A ban on junk food TV adverts before 9pm proposed by The British Heart Foundation has gained support from South West London parents following London’s latest child obesity rates.
Around 37% of year six children in London are obese or overweight, according to latest statistics.
Hammersmith mum and secondary school teacher Camilla Williams, whose daughters Ruby and Lois are aged six and nine, said the proposed ban goes some way in addressing the problem.
She said: “Promoting a healthy diet to kids is hard enough even without the constant bombardment of junk food ads.
“Permitting these ads on TV schedules is irresponsible, especially given the rising figures of obesity in young children.”
Streatham full-time mum Michelle Cayton, whose sons Danny and Finlay are five and seven, said she would support a ban in partnership with education.
She said: “The most important thing is to educate kids about making their own healthy choices and that is the job of parents and schools.
“However, it is not helpful that kids are exposed to very attractive adverts for fast food- it just makes our job as parents that much harder.”
Current regulations mean that foods high in saturated fat, salt and sugar are banned from being advertised during children’s programming.
Despite this, The British Heart Foundation says current regulations are failing London families because loopholes mean that food companies can advertise junk food during programmes watched by children in London.
The latest Ofcom figures show that 65% of children watch TV during what is considered adult airtime. Peak viewing for children is between 7 and 8pm when up to 1.8 million children are glued to their TV screens.
This means that millions of children across the UK are being exposed to junk food adverts during popular shows such as The X Factor and Hollyoaks.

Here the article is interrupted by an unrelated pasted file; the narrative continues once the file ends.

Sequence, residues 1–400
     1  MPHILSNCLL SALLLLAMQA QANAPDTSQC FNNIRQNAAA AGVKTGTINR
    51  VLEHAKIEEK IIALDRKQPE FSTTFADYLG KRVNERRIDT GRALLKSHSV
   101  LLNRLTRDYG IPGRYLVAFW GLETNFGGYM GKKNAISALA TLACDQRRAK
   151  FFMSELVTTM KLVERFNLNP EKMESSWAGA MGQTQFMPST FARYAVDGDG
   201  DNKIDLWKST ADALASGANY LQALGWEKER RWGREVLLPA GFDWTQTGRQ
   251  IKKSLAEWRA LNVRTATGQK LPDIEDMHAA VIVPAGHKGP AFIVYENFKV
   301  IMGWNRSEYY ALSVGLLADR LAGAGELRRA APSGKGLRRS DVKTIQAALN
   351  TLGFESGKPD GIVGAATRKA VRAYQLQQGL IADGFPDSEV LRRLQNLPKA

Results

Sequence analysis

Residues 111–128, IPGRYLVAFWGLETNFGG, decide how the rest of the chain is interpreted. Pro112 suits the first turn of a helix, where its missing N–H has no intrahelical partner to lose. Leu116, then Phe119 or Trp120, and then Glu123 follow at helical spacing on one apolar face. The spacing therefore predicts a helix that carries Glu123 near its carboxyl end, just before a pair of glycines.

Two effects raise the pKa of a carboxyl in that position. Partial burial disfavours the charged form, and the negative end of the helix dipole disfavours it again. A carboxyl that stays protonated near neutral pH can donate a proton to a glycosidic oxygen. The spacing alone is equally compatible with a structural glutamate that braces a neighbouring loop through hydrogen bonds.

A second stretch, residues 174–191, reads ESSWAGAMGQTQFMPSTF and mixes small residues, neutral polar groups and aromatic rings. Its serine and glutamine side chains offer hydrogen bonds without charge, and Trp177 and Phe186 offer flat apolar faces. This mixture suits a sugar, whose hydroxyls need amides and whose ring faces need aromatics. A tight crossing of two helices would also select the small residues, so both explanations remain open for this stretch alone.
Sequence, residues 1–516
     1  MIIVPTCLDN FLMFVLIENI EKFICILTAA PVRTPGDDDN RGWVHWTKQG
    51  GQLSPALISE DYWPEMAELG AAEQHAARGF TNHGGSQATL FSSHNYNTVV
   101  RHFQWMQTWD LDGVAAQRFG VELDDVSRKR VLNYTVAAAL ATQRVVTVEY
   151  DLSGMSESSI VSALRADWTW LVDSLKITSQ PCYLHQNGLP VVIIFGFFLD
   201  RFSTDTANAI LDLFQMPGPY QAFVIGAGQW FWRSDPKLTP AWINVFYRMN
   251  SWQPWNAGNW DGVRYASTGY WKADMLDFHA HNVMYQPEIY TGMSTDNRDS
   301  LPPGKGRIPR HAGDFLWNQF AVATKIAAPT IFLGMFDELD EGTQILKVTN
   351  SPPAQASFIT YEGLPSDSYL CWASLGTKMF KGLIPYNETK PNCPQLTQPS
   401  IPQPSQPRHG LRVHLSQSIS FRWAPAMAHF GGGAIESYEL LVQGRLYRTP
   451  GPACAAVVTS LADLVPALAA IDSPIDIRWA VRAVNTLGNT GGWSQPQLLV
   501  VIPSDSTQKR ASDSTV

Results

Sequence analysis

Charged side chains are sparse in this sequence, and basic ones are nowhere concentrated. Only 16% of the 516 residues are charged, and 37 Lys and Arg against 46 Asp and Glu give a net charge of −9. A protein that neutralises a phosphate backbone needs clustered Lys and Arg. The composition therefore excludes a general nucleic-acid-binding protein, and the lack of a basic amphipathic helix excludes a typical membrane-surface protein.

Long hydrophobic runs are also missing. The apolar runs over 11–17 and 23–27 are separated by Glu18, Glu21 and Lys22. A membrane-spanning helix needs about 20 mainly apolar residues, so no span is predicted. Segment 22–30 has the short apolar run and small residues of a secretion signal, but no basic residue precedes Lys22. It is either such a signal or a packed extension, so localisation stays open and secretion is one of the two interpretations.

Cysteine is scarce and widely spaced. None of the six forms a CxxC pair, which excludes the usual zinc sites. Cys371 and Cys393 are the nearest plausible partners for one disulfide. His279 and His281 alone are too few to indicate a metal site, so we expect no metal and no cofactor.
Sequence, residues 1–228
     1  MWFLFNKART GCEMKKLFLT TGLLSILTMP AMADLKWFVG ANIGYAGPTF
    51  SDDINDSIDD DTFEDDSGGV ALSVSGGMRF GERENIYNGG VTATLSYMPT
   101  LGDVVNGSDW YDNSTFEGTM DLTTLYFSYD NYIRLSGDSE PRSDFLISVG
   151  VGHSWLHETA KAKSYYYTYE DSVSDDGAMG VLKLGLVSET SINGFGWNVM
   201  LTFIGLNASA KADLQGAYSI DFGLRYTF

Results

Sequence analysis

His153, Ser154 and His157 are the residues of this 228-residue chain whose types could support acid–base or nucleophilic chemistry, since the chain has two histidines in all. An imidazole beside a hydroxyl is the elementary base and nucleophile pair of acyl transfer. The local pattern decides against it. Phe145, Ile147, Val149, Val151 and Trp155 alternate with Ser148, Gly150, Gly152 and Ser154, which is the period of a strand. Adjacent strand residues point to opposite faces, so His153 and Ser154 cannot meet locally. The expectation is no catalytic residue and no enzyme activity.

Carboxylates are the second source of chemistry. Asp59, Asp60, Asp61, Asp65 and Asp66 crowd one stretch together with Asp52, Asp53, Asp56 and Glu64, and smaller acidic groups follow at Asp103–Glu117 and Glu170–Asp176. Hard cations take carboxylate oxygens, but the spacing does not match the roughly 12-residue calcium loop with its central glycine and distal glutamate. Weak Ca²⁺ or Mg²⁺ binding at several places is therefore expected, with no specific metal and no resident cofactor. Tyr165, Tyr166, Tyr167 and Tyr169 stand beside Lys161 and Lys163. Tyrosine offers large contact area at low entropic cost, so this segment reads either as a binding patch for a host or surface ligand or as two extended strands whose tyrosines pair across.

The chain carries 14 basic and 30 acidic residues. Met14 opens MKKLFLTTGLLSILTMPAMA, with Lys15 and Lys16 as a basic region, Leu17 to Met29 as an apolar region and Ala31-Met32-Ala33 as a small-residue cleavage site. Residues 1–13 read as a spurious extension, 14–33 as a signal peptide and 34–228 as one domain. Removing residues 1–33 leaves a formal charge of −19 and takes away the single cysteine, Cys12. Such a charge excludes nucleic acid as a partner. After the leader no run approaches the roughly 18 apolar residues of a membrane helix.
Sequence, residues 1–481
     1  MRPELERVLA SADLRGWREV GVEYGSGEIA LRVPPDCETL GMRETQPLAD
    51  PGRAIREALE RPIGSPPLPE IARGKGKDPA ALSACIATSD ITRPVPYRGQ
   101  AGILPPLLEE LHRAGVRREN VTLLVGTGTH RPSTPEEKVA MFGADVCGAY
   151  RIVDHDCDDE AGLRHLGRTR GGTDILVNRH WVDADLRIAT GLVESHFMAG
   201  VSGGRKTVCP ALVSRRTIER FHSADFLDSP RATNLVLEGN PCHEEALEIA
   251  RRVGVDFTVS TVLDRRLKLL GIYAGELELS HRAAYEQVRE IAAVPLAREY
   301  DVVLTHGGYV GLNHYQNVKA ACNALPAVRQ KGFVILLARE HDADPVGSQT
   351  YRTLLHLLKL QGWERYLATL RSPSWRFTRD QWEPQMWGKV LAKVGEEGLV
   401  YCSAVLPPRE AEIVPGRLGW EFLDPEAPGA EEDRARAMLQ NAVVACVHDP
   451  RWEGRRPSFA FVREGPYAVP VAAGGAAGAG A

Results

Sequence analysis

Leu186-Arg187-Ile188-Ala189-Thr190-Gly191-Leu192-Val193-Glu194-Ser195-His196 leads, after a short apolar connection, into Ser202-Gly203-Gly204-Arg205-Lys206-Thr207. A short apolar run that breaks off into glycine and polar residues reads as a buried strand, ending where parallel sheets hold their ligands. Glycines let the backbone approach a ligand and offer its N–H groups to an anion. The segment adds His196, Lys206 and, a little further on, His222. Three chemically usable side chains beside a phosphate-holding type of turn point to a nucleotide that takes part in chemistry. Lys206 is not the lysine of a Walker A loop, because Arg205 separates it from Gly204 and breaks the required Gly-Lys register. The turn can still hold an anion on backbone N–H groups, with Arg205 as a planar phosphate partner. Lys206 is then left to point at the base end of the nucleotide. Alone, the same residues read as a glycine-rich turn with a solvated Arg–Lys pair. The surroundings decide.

During just one X Factor show last year, 13 junk food adverts were shown that promoted unhealthy snacks to children watching before 9pm.
Director of policy at The British Heart Foundation Mike Hobday said the figures were worrying, as carrying excessive weight into adulthood increases the risk of developing heart disease.
He said: “We need to protect young people against the sophisticated marketing techniques of junk food advertisers.
“We mustn’t allow food companies to continue to exploit a failing regulatory system that allows them to bombard TV screens with junk food adverts at the times when the highest numbers of children are watching TV.”
The British Heart Foundation’s call for a ban is part of the Government’s Childhood Obesity Strategy that is expected later this month.
Last month the charity joined eighteen organisations to form a national alliance calling for a range of polices to tackle the UK’s obesity crisis.
These included restrictions on unhealthy food marketing and a 20% tax on sugary drinks.
For more information about the BHF’s call for a ban of junk food advertising before 9pm, visit: www.bhf.org.uk/junkfood
Picture courtesy of William Warby, with thanks